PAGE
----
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BOC Sciences provides various types of clodronate liposomes and control liposomes to our customers. All liposomes are prepared under sterile
Why use Clodronate Liposomes?
Macrophages play an important role in the host defense response and the regulation of many biological processes. Their main activity is phagocytosis
and the production and release of soluble mediators (such as NO, cytokines, and chemokines).
Methods to manipulate macrophage activity through liposome-encapsulated molecules
Drugs that interfere with cellular metabolic pathways can be encapsulated in liposomes, to study their effects on macrophages (drug methods).
Drugs that selectively interfere with signaling pathways in macrophages can be encapsulated in liposomes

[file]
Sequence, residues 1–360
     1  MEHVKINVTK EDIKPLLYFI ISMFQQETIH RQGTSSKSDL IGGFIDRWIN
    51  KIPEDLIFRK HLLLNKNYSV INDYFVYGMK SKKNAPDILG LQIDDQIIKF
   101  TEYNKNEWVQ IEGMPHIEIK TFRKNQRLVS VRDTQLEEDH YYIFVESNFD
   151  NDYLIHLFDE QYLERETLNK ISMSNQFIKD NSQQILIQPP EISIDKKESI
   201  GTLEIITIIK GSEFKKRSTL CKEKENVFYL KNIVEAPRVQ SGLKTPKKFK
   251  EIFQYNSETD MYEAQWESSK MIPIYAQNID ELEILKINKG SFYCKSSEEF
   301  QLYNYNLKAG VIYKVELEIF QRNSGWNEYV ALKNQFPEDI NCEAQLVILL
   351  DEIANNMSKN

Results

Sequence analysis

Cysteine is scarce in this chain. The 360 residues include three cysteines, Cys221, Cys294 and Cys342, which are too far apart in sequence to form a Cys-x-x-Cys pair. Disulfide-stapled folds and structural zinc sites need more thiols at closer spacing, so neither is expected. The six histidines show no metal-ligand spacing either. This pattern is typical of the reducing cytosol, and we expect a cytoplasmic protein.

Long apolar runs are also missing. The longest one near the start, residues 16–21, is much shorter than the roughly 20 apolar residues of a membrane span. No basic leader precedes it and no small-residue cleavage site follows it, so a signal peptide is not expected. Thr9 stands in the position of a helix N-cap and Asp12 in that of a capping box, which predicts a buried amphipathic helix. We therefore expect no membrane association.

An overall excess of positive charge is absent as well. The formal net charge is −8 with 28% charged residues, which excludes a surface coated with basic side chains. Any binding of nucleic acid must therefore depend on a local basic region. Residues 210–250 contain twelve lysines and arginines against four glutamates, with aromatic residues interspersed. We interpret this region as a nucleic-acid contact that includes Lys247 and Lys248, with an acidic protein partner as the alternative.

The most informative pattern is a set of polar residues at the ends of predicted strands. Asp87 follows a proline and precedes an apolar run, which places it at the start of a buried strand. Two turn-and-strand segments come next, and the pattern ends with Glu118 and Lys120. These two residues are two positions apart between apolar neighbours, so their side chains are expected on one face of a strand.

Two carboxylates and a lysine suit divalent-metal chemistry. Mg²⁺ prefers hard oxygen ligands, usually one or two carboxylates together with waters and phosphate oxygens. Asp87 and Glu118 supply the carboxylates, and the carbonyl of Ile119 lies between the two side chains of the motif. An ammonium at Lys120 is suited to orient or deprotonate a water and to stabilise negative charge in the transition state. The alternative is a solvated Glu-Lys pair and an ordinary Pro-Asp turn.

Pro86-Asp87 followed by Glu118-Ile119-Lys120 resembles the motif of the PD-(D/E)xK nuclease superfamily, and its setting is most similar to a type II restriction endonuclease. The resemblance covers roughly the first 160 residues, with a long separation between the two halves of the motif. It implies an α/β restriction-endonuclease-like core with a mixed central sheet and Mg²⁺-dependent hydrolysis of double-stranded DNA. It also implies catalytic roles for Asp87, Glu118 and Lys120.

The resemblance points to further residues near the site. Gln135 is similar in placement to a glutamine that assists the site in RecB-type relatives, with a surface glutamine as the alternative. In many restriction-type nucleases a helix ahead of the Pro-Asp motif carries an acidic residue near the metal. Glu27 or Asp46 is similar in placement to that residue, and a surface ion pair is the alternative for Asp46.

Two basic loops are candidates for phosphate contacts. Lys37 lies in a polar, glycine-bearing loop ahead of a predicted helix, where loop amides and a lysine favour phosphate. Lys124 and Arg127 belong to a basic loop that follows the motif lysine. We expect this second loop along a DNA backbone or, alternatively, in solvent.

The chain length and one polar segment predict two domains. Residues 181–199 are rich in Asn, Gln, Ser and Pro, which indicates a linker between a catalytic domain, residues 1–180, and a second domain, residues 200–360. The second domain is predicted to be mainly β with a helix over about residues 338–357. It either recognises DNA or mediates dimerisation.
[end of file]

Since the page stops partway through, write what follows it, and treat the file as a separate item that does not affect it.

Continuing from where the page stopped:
However, signal transduction pathways and compounds affecting these pathways are still under investigation. Therefore, so far, the former method is
generally used to inhibit macrophage activity by administering liposome-encapsulated bisphosphonate clodronate.
How Do Clodronate Liposomes Induce Apoptosis in Phagocytes?
Once clodronate is encapsulated in liposomes, it can specifically target phagocytes. Liposomes can be quickly recognized and swallowed by
macrophages, allowing an effective clodronate concentration threshold to trigger target cell apoptosis. Clodronate encapsulated in liposomes is
recognized as a foreign body by phagocytes and is taken into internal vesicles called phagosomes. After phagocytosis, the phagosome fuses with the
lysosome containing phospholipase, which destroys the phospholipid bilayer of the liposome, thereby allowing clodronate to be released in the cell.
Once clodronate is released in the cytoplasm, aminoacyl-tRNA synthetase will mistakenly identify it as pyrophosphate and will use clodronate to
generate the non-hydrolyzable ATP analogue (AppCCl2p). Then, this ATP analog translocates to the mit